Midway through the parade, the throng passed a reviewing stand at Union Square. Among the many dignitaries was Terence Powderly, Grand Master Workman of the Knights of Labor, the most powerful labor organization in the nation.
After moving up Fifth Avenue, past the opulent homes of Vanderbilt, Morgan, Gould and other recently-minted tycoons, the grand procession of 5,000 or more terminated at 42nd Street and Sixth Ave. There participants boarded elevated trains – extra cars had been added to handle the anticipated crowds – for a short ride to Wendel’s Elm Park at West 92nd Street for a massive picnic. Tickets for the event were just 25 cents and by late afternoon upwards of 25,000 workers and their families jammed the park to participate in the festivities and consume copious amounts of food and beer. Members of individual craft unions gathered under banners put up throughout the park. Several bands provided music, while speaker after speaker held forth from various stages and soapboxes.
Thrilled with the success of their first effort, CLU leaders staged a second Labor Day the following year and drew an even larger number of participants. In 1884 the CLU officially designated the first Monday in September as the annual Labor Day, calling upon workers to “Leave your benches, leave your shops, join in the parade and attend the picnic. A day spent with us is not lost.” Upwards of 20,000 marched that year, including a contingent of African American workers (the first women marchers debuted in 1885).
With such an impressive start, the tradition of an annual Labor Day holiday quickly gained popularity across the country. By 1886 Labor Day had become a national event. Some 20,000 workers marched in Manhattan, and another 10,000 in Brooklyn, while 25,000 turned out in Chicago, 15,000 in Boston, 5,000 in Buffalo, and 4,000 in Washington, D.C. Politicians took notice and in 1887 five states, including New York, passed laws making Labor Day a state holiday. Seven years later – just a dozen years after the first celebration in New York — President Grover Cleveland signed into law a measure establishing Labor Day as a holiday for all federal workers.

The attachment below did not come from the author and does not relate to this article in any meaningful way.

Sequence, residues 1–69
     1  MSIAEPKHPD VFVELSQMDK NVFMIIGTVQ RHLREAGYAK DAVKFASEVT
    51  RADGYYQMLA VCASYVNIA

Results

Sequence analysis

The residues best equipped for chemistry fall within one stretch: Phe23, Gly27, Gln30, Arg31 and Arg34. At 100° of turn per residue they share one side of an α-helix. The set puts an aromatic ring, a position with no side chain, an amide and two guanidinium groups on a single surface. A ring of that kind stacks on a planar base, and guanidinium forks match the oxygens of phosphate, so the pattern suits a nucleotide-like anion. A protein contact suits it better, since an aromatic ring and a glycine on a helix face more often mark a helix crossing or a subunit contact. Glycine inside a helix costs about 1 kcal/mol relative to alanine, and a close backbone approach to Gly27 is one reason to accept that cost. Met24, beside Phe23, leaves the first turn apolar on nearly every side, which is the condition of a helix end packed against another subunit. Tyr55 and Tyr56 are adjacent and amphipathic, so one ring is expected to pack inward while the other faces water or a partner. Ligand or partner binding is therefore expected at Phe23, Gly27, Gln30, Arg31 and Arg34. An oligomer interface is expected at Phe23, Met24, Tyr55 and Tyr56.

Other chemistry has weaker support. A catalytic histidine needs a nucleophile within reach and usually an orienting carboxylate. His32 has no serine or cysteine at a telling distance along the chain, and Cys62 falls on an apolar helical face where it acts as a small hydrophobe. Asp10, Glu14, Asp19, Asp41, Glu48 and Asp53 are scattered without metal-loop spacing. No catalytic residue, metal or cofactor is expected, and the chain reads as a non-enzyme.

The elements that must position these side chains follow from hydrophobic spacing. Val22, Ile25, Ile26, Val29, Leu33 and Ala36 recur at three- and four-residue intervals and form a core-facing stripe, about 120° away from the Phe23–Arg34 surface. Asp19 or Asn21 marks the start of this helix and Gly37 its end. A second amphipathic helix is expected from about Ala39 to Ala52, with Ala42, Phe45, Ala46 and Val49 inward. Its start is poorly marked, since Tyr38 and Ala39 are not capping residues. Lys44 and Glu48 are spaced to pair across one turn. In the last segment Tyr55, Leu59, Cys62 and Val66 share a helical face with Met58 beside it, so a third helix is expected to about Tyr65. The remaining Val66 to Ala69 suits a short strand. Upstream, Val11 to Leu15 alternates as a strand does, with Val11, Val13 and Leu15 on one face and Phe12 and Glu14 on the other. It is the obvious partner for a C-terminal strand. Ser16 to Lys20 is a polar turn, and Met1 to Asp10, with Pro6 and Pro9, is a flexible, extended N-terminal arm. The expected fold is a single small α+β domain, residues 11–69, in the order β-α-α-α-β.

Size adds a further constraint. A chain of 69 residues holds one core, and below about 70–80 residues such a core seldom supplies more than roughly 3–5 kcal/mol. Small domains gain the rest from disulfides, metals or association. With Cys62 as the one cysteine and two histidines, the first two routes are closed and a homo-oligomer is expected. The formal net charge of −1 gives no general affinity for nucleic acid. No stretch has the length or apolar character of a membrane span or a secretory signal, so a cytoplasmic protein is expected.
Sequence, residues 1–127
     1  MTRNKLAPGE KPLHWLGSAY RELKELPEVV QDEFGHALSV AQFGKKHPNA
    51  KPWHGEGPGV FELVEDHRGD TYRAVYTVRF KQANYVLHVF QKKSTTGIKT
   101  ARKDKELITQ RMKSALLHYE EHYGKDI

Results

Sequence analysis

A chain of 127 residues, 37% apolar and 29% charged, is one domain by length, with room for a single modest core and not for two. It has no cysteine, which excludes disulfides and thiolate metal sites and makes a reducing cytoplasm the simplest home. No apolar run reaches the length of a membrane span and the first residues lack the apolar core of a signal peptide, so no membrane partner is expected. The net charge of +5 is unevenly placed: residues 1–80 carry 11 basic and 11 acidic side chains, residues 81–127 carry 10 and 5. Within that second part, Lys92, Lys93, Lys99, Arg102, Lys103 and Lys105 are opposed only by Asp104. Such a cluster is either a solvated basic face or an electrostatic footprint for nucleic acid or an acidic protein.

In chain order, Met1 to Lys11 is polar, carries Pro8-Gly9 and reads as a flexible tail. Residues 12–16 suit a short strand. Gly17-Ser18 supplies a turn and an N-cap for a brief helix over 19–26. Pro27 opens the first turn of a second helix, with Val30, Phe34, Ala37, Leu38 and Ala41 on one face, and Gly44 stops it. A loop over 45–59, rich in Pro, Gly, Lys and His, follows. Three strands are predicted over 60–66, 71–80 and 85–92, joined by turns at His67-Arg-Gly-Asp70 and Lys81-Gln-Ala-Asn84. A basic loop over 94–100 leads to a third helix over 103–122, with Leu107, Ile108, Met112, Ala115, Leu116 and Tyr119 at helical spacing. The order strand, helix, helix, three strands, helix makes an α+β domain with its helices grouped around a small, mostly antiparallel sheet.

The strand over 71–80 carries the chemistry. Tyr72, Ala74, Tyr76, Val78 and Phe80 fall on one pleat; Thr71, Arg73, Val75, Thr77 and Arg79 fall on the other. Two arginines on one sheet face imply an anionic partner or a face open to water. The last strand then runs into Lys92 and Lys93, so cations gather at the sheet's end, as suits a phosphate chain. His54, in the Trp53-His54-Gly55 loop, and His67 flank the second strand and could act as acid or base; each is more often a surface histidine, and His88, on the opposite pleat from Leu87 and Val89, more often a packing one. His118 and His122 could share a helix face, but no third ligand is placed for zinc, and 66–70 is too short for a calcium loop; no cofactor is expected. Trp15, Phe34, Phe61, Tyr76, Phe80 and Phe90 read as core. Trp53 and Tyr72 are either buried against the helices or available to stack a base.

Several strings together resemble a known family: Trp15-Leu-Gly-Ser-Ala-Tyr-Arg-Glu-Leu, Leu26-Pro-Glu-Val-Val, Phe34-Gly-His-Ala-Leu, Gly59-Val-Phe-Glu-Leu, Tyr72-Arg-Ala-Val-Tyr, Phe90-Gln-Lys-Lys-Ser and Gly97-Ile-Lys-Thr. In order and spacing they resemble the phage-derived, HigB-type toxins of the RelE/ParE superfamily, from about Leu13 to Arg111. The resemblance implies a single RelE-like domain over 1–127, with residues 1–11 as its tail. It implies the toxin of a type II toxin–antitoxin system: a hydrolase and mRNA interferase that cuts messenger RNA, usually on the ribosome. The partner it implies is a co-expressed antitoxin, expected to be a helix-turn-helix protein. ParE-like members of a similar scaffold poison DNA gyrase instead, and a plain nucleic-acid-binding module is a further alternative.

Labor Day caught on so quickly among Gilded Age workers because unlike the traditional forms of labor activism (i.e., striking and picketing) or civic holidays commemorating victories in war, it drew together workers for the purposes of celebration. As P. J. McGuire later wrote of the parade,
No festival of martial glory of warrior’s renown is this; no pageant pomp of warlike conquest … attend this day. … It is dedicated to Peace, Civilization and the triumphs of Industry. It is a demonstration of fraternity and the harbinger of a better age – a more chivalrous time, when labor shall be best honored and well rewarded.
In the twentieth century, Labor Day parades grew into massive spectacles of pride and power. The highpoint came 1961 when 200,000 workers processed up Fifth Avenue behind Grand Marshall Mayor Robert Wagner, passing on the reviewing stand dignitaries that included Governor Nelson Rockefeller, Senator Jacob K. Javitts, and former President Harry S. Truman. But the strength of organized labor demonstrated by that parade –union membership had just reached its historic highpoint with 39% of the American workforce – was already being eroded by the emergence of the service economy, globalization, and a political climate often hostile to unions. By the late 1990s fewer than fifteen percent of American workers belonged to unions and Labor Day parades disappeared in many cities. Or, as is the case in New York City, parades were moved to the weekend following Labor Day so as to avoid competing with the public’s desire for a final three-day weekend of recreation.
Still, it would be unwise to predict the Labor Day’s demotion to the status of Arbor Day or Flag Day. Despite the fact that few Americans are even remotely aware of the struggle and spirit that laid the foundation of their current prosperity, comfort, and leisure, many of the issues that inspired the first Labor Day persist. Public distrust of corporations has spiked in recent years as the result of scandals in accounting, campaign finance, and massive payouts to departing executives. All the while, polls indicate that more and more Americans are worried about job security, health care costs, and pension funding. Other workplace issues such as sexual harassment, discrimination, and family leave continue to attract attention. Whether these concerns ultimately lead Americans to “Strike with the Ballot” remains to be seen. In the meantime Labor Day will endure for the foreseeable future as an annual reminder of battles won and battles yet to be joined.